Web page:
Fulani, Pulaar in Senegal

Fulani, Pulaar
Photo Source:  Link Up Africa 
Map Source:  People Group location: IMB. Map geography: ESRI / GMI. Map design: Joshua Project.
People Name: Fulani, Pulaar
Country: Senegal
10/40 Window: Yes
Population: 1,549,000
World Population: 3,092,300
Primary Language: Pulaar
Primary Religion: Islam
Christian Adherents: 0.03 %
Evangelicals: 0.03 %
Scripture: New Testament
Online Audio NT: Yes
Jesus Film: Yes
Audio Recordings: Yes
People Cluster: Fulani / Fulbe
Affinity Bloc: Sub-Saharan Peoples
Progress Level:

Introduction / History

Over one million Pulaar (or Tukulor) live in the West African nations of Senegal, The Gambia, Mauritania, Guinea, and Mali. Most are located in Senegal, where they comprise nearly one-tenth of the population. They are mainly concentrated in the Middle Senegal River Valley near the Dagana River.

The Pulaar are thought to have descended from the Fulani and the Wolof or Sereres tribes. Their name is derived from the Arabic word Takrur, which was a term used to describe an eleventh century realm near the middle Senegal River Valley. Today, the Tukulor are known by a number of names, including Pulaar and Torobe. They have retained their respective languages, and many are also fluent in Arabic.

Most of the Pulaar live in rural areas, where they raise livestock, farm, and fish for their livelihood. A steadily rising population and an unequal distribution of land have resulted in large numbers of Pulaar (particularly youth) moving to the cities in search of better job opportunities.

What Are Their Lives Like?

Traditional Pulaar society is divided into four main social classes, each having twelve "castes." Their social life is a mixture of native customs and Islamic traditions. Neither Islam, the effects of colonization, nor the goals of various national leaders have been able to erase the old social divisions.

The torobe are the aristocratic class. The middle class, or rimbe, is made up of fishermen, farmers, tradesmen, and administrators. The middle class also includes the craftsmen, and the lower class includes the freed slaves and the slaves. Social status rarely changes; however, slaves are freed at every third generation. The Pulaar marry within their class divisions, women usually between the ages of 16 and 18, and men between the ages of 25 and 30. Although it is uncommon, a man may have up to four wives. Families are generally large, with an average of six children per family.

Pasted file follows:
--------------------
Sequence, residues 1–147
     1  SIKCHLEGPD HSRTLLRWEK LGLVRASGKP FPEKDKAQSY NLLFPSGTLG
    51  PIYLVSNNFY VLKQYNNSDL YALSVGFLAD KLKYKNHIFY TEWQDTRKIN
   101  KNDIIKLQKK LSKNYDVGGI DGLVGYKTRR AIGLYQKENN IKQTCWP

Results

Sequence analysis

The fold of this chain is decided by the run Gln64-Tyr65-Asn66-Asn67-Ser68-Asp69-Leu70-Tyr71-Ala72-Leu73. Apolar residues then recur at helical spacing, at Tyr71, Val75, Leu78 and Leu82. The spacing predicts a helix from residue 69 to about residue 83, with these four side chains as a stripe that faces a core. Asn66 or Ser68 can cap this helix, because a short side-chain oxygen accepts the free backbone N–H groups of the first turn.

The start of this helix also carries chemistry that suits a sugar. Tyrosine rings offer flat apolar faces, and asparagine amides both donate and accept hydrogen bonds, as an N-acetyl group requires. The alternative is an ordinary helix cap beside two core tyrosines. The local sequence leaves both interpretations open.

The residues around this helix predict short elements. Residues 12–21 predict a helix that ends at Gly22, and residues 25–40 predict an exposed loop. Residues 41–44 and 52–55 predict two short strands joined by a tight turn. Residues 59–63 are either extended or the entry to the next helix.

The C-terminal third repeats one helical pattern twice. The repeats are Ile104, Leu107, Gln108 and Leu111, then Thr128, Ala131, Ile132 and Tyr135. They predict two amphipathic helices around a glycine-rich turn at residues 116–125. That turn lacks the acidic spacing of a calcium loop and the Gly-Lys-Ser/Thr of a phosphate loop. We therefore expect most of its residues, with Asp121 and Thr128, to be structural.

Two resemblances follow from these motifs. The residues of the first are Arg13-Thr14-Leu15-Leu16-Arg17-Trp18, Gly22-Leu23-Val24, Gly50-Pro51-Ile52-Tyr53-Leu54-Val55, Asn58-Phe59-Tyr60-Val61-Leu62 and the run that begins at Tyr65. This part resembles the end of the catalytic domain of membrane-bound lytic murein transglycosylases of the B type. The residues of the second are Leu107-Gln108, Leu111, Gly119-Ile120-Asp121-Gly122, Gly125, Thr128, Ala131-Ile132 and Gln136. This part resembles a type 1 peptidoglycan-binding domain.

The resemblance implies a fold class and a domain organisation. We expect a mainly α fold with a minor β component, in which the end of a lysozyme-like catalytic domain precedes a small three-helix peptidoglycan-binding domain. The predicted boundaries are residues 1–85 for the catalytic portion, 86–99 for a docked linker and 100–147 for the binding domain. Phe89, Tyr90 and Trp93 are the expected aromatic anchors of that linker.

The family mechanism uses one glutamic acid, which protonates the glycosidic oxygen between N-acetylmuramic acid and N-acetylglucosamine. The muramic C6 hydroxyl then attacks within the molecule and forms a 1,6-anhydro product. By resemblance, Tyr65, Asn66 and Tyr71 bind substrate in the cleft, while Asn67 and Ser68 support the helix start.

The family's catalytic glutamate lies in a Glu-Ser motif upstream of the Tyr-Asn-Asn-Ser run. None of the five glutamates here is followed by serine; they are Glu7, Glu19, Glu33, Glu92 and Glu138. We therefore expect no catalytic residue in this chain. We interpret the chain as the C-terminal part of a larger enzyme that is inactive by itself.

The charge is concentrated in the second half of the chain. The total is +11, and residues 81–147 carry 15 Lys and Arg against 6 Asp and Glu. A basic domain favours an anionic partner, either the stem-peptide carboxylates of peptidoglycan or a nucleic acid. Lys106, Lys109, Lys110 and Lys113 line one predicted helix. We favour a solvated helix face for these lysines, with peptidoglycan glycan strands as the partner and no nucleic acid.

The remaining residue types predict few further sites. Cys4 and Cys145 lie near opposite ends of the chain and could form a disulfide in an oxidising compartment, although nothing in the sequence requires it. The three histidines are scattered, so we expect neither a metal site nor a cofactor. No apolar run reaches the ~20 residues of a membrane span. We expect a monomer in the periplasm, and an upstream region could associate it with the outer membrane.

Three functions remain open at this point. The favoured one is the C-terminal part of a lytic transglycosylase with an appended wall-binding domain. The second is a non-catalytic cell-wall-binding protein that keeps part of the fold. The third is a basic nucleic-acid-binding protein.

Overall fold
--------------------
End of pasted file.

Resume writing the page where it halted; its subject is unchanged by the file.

Traditional, rural Pulaar villages are small. They have round huts made of clay or rough bricks, with straw roofs. Villages are governed by a group of elders from the aristocratic caste. Dietary staples include rice, millet, sorghum, fish, nuts, and fruit. The current high levels of unemployment are forcing many men to travel to France or urban areas of Senegal in search of better paying jobs.

Pulaar women often wear large, embedded pieces of wood in the soft lobes of their ears and have two small facial slits near the outside corners of both eyes. Although female genital mutilation is becoming increasingly illegal, over half of Pulaar girls from the ages of three to nine undergo this practice in order to be considered "clean" and worthy of marriage.

What Are Their Beliefs?

The Pulaar first accepted Islam in the eleventh century. Traditional Muslim beliefs, such as the nature of man and his destiny after death, play a significant role in the people's outlook on life. Muslim brotherhoods teach a mystical approach to Islam: the people seek closer relationships to God through rituals, prayer, and other techniques. However, Islam has not brought any major changes to Pulaar attitudes toward spiritism and magic. The people still use charms, amulets, and witchcraft. The Pulaar attribute supernatural powers to various Muslim clerics who practice divination, the use of supernatural powers.

What Are Their Needs?

Decreasing income from the sale of agricultural products, encroachment by the Sahara Desert on farmland, deforestation, and increasing population are resulting in extreme financial concerns for the Pulaar. In addition, the construction of dams on the Senegal River could result in displacement of many families and villages along the Senegal River. Nearly all village water sources are polluted. Malaria and other infectious diseases inflict a heavy toll each year. Although there is some literacy among the aristocracy, most of the Pulaar are illiterate. Christian teachers, humanitarian aid workers, and medical teams are needed to live among the Pulaar and share the love of Jesus with them in practical ways.

Prayer Points

Ask the Lord to grant wisdom and favor to missions agencies focusing on the Pulaar.
Pray that the Holy Spirit will anoint the Gospel as it goes forth via radio among the Pulaar.
Ask the Lord to call Christian teachers, doctors, and humanitarian aid workers to Senegal to share Christ with the Pulaar.
Ask God to save key Pulaar leaders who will share the love of Jesus with their own people.
Ask God to raise up prayer teams who will break up the spiritual soil of Senegal through worship and intercession.
Pray that strong local churches will be raised up among the Pulaar.

Text Source:   Bethany World Prayer Center